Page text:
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[167] the residents as perquisites. A detachment of Fitch's men, finding them with large quantities of molasses, sugar, and provisions in their possession, ordered them to haul it to the Fort so soon as they discovered its origin, which the owner did.

He professed to be a Union man, and had been in Memphis only three days previously. The evacuation of Corinth was not then known publicly, and our flotilla was still at Vicksburgh. Memphis he described as being deserted; gave some account of the history of the Fort from its commencement, in which he described the actions of the rebel commanders as exceedingly tyrannical. “An intelligent contraband” also backed up the asseverations of his master by various statements. He was anxious to get North, and declared himself fully persuaded of the superiority of the Lincoln cause.

As the clear result of this masterly operation we have secured ten uninjured guns of various calibres. The enemy has destroyed at least an equal number and has removed a larger number. He has sacrificed an immense amount of stores. He has abandoned a magnificent position, from which we could hardly ever have driven him with the fleet alone, and has shrunk from a contest with his flotillas.

The State of Tennessee is abandoned. In less than a week we shall have no enemy in the State. All the labor expended upon the works becomes useless. For the hundredth time the rebels have fallen back as a matter of pure strategy, abandoning guns, ammunition, and stores. The gain is not much to us, but the loss is great to the rebels. Most of the guns they have left behind they can never replace. All the guns which they took away are supposed to have been put on board the gunboats; those which burst are, of, course, a dead loss to the enemy.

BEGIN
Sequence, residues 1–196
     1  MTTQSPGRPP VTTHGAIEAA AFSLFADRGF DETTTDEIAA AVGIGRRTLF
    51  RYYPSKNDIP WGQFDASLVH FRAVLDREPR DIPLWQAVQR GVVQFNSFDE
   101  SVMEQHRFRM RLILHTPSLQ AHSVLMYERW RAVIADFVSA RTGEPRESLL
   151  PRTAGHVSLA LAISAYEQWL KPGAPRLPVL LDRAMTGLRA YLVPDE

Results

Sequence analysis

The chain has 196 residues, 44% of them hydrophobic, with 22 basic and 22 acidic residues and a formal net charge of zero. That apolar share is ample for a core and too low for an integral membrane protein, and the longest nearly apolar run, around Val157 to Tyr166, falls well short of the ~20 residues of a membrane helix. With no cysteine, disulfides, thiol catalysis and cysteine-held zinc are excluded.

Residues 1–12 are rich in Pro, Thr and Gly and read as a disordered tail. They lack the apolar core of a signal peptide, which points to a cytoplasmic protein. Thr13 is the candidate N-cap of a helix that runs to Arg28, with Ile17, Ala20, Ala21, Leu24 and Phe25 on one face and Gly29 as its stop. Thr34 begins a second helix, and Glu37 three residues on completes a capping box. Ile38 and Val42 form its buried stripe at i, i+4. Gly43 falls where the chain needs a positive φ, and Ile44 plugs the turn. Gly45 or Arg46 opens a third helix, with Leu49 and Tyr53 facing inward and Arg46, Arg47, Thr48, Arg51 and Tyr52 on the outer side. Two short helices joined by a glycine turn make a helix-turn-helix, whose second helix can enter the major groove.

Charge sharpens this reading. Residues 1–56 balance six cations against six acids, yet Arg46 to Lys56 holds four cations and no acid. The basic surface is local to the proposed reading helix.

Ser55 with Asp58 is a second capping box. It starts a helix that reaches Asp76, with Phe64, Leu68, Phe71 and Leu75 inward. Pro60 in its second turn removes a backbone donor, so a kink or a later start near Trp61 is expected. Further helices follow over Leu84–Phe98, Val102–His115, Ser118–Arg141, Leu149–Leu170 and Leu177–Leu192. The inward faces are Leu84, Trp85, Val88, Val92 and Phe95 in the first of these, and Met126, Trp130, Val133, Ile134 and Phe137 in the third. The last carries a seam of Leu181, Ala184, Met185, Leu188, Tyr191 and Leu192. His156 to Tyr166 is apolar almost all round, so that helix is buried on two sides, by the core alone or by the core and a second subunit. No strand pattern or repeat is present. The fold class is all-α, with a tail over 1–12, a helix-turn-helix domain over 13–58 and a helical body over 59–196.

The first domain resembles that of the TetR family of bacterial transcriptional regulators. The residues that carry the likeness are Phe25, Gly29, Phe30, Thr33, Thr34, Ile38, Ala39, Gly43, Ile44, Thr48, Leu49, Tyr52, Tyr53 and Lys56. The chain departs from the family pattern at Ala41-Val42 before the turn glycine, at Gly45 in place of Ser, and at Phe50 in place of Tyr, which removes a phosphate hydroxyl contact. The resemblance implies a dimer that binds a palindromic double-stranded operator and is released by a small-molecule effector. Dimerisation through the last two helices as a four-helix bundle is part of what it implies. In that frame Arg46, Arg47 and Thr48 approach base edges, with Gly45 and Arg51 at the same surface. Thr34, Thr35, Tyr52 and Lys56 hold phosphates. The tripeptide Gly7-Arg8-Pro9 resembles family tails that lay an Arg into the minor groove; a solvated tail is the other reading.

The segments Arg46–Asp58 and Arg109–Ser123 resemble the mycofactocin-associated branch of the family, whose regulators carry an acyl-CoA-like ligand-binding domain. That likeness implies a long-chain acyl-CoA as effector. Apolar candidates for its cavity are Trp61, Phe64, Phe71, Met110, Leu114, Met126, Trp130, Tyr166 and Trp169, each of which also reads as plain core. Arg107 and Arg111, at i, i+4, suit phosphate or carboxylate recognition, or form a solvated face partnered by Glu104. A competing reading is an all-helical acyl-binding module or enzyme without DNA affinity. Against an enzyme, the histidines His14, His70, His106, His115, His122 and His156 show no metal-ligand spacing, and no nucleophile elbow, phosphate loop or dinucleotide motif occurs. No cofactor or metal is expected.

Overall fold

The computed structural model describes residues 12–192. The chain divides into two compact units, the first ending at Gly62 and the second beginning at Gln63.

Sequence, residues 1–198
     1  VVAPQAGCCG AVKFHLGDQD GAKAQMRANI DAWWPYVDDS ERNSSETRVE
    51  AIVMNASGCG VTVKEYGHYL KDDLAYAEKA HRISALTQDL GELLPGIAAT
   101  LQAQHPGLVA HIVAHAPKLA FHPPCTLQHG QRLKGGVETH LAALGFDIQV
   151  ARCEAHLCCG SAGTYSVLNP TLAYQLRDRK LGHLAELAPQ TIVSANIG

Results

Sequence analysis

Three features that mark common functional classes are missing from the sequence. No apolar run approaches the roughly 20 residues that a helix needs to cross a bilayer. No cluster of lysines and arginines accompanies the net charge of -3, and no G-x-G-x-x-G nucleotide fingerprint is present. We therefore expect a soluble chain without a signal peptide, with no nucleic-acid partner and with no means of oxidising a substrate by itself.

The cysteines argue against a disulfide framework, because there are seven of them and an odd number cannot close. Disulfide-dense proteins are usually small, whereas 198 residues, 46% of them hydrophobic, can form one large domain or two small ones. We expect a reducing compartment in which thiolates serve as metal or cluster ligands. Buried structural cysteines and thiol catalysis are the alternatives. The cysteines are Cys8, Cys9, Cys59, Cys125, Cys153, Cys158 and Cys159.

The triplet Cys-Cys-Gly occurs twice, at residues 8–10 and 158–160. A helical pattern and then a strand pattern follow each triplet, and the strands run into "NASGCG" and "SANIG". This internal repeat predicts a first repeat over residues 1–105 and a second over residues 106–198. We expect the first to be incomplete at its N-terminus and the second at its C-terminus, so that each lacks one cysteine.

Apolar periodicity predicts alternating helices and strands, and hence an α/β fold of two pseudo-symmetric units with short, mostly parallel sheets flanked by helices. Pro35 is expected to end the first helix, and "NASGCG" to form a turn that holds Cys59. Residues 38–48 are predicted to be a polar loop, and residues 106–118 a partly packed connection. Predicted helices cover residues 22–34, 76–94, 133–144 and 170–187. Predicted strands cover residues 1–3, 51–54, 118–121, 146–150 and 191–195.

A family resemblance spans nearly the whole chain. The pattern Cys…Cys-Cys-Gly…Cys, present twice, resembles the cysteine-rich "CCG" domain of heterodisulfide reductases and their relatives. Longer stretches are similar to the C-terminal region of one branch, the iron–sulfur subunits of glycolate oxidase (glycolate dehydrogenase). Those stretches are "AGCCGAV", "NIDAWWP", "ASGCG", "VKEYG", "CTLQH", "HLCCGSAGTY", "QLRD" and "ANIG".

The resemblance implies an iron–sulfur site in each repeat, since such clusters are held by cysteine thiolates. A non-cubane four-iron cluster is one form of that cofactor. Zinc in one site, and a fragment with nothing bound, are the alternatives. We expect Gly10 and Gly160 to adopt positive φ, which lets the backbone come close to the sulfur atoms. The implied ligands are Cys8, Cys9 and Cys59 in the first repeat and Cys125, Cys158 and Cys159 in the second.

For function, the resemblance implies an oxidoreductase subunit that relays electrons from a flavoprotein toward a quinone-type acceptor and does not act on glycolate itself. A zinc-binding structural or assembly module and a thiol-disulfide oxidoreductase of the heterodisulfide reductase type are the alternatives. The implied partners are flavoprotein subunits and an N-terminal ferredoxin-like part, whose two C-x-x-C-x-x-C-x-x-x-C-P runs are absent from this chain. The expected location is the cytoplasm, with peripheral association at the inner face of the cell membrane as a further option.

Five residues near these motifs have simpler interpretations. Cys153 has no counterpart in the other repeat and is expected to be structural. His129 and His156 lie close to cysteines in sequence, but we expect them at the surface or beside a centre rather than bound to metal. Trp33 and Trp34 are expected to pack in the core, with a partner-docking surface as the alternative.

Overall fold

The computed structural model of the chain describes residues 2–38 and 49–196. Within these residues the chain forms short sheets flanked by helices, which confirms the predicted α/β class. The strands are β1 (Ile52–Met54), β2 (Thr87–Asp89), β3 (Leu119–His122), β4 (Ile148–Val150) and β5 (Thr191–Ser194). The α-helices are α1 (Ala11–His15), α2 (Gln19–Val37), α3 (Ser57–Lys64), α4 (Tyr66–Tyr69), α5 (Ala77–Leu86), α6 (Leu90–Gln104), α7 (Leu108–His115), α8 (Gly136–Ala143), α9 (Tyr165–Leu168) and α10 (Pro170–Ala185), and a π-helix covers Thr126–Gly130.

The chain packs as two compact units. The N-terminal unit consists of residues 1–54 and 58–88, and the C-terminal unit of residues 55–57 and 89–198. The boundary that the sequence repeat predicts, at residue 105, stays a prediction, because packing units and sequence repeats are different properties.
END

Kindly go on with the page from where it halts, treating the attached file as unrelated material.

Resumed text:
Cincinnati Gazette account.

National Flotilla, Mississippi River, in sight of Memphis, Thursday Night, June 5.
Fort Pillow has fallen I The only remaining stronghold of the enemy on the river — the much talked of “last ditch,” named after the celebrated ditch-digger himself, where the rebels have so long promised the world they would die — has at last been abandoned.

Early last evening it became apparent that the enemy were evacuating Fort Pillow. Between six and seven o'clock dense volumes of smoke were seen rising in the direction of the Fort, and as the shadows of the coming night began to thicken, they were succeeded by fierce flames which shot up from a hundred different points, above the tops of the highest trees, brilliantly illuminating the scene in the immediate vicinity, and leaving no doubt in the minds of those on the flotilla that the immense barracks of the enemy had been fired and abandoned. During the conflagration, some twelve or fifteen heavy discharges of artillery were heard, and before the evening was too far advanced, some of the shot and shell from these could be seen plunging into the river a short distance below the gunboats, and sending their huge columns of spray high in the air. It needed no unusual power of divination to comprehend at a glance that before abandoning their works, the enemy had loaded their guns, pointed them up-stream, and then applied the torch to their carriages. The design of this was to keep the flotilla at a respectable distance until they could make good their escape.